heirloom recipe

Mississippi Mud Potatoes

Bacon? Check. Cheese? Check. Tons of flavor? Absolutely. See, these are the easiest potatoes I think I’ve ever made, and they’re a hit with everyone. I mean, who doesn’t love cheese and bacon?

One of the many recipes that came from the family recipe box, this handwritten recipe with an unknown source simply stated “They’re named for the famous river because they’re LONG on taste and MIGHTY good!” Well, they didn’t disappoint, anyway!

Start with some ingredients you may already have– 8 to 10 cups of potatoes, diced, 1 cup of Mayonnaise (the real deal, not salad dressing), about a teaspoon each of salt and pepper, a 16 ounce block of cheddar, diced, 1/2 a cup of green onions, chopped, and a package of bacon. You can add half a cup of olives if you’d like to, but why ruin perfectly good potatoes? (Unless you’re an olive fan, in which case, you probably don’t see that as ruining them).

Start by slicing your bacon into pieces. Don’t look at me with that shocked face that I get every time someone sees me do this… you can TOTALLY bacon your bits instead of bitting your bacon. This method gets a lot less grease on your hands because there’s no tearing it up post-fry… if you do the cutting first, your bacon will be in perfect bite sized bits when you’re done. I promise. Just trust me– cutting bacon is NOT bacon blasphemy, no matter what anyone tells you.

Put that in a pan and cook it, trying not to eat too much bacon as the smell fills the air. Seriously, bacon is so hard to resist. That’s why there is bacon everything. While the bacon cooks, start peeling and dicing your potatoes, dicing your cheese, and chopping your green onions.

Delicious! Finish getting your other ingredients chopped and ready.

Place your potatoes in a 9×13 pan.

Spoon the mayonnaise onto the potatoes evenly. This will make stirring them easier. The mayo will add flavor, plus it will help those potatoes get extra tender.

Stir the potatoes to combine evenly with the mayonnaise.

Stir in the diced green onions and cheese. Make sure that there is some intermixed with the potatoes, with more topping the potatoes.

Sprinkle that generously with bacon. If you’re going to add some olives, now is the time to do that, as well.

Bake for an hour and a half, or until the potatoes are tender, in a 325 degree oven.

Enjoy that bubbly, cheesy, bacon-y side dish. You could even add in some hamburger meat or chicken and make it a main dish, if you wanted to.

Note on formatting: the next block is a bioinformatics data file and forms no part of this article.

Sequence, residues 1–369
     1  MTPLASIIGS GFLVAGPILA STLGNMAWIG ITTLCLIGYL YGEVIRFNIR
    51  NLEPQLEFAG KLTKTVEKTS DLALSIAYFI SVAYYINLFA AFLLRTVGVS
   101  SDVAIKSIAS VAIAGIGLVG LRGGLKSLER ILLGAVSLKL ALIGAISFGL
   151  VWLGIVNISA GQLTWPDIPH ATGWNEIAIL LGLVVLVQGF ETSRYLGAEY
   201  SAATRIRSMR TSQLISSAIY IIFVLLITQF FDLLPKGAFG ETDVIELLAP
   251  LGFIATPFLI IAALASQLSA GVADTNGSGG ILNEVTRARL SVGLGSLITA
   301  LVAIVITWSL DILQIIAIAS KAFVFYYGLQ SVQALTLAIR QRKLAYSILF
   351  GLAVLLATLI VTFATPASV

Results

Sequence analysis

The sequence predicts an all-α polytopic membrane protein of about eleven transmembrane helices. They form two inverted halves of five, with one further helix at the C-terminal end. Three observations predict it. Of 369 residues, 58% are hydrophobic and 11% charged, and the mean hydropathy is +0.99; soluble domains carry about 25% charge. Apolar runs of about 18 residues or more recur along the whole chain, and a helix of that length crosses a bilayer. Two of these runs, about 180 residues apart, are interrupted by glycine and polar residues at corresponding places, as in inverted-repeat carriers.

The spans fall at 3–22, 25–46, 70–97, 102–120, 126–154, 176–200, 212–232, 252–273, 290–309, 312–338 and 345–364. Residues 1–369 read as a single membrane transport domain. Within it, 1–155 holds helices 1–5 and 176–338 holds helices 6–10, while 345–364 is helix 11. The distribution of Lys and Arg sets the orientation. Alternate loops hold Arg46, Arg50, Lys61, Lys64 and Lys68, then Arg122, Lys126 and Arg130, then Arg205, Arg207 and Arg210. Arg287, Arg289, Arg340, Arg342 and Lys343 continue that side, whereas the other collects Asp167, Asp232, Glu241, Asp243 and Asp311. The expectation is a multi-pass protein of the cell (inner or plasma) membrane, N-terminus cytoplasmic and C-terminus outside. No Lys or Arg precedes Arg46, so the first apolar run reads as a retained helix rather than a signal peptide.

This is so easy and a great thing to take to a potluck or perfect for Easter Dinner this year!

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Memories of My Grandfather (With Oatmeal Raisin Bar Recipe)

Please keep reading for a very special recipe from my Grandfather’s collection.

Cholangiocarcinoma. That’s… not an easy word to say, to spell, but once it becomes a part of your life, it’s a word you can’t forget. I like to know my grandfather as someone who wasn’t defined by the cancer that eventually took his life. But truly, I remember so many things before the cancer was a part of his life. Today would have been my grandfather’s birthday.

For a short time in my youngest years, my mother and I lived with my grandparents. I am often told the story of a time when I was very little, on Christmas Eve. I wouldn’t go to sleep at all, wanting to stay up. Then finally, out my grandparents’ house window, someone pointed out the lights from the radio towers nearby… flashing red lights, akin to Rudolph’s nose. I got so excited, knowing Santa was near, and knowing he wouldn’t visit if I was awake, I rushed to bed. I was asleep within minutes.

As a young girl, I had a variety of makeup brushes to play with at my grandparents’ house. I’d sit there for hours looking in the mirror putting on “MakeMuck.” My grandfather was a hairdresser for most of his life, and he formed a lasting bond with all of his regular customers. It seems he continued those friendships with many of them even after his retirement.

My grandfather had a passion for horses. A World Champion in the Missouri Foxtrotters Show circuit, and a Missouri Fox Trotting Horse Breed Association Hall of Fame Inductee, he truly loved horses with all of his heart. Because of that, at a young age, I did the whole Stick Horse Circuit, riding around a stick with a stuffed-animal style horse head in the arena. I never got into his passion for horses, but his love of them meant the boot closet in the old house always smelled like worn leather and, others say, manure. When I close my eyes, I can picture the smell of the boot closet, bringing back memories of my grandfather coming in from doing chores.

One of my earliest memories in life was a memory of my grandfather. I had read The Foot Book a million times, listened to it a million more, so when I’d sit and read it, no one would believe that I was really, truly reading it.

I changed everyone’s minds when I crawled up into my granddad’s lap, as he sat in his chair, and started reading that day’s paper. There’s no way I could have memorized it– it was the edition from that day. The things I was reading had been unread by others in the room, and it was clear that I really did know how to read.

When my grandfather was ill, and we’d go down to visit, I loved that we were able to bond over episodes of Jeopardy. He always told me I should go on the show– that I knew so many of the answers. In reality, once there, I’d choke and never get one right. I’d rather be a good couch player.

February is Cholangiocarcinoma awareness month. Cholangiocarcinoma is very rare. It’s not something you expect to take you, especially so quickly. This cancer is rare, arising from tissue in the bile duct. Only about 5% of Cholangiocarcinoma cases are inside the liver, the way my grandfather’s cancer was. There’s a very small chance that people diagnosed with Cholangiocarcinoma will survive longer than 5 years, and in fact, because it’s caught so late, even 6 months is a long survival rate.

However, The Cholangiocarcinoma Foundation is working very hard to find a cure by promoting collaboration, understanding research, and education about Cholangiocarcinoma. You can help them achieve this mission by donating.

When my grandfather passed, he left me the recipes and cookbooks, many of them old family favorites, handwritten on scraps of paper or pulled from newspapers. These incredible recipes are a huge part of my heritage. One special treasured recipe that he loved, that everyone seemed to love, was the recipe for Oatmeal Raisin Bars that my grandfather’s mother would make when he was younger.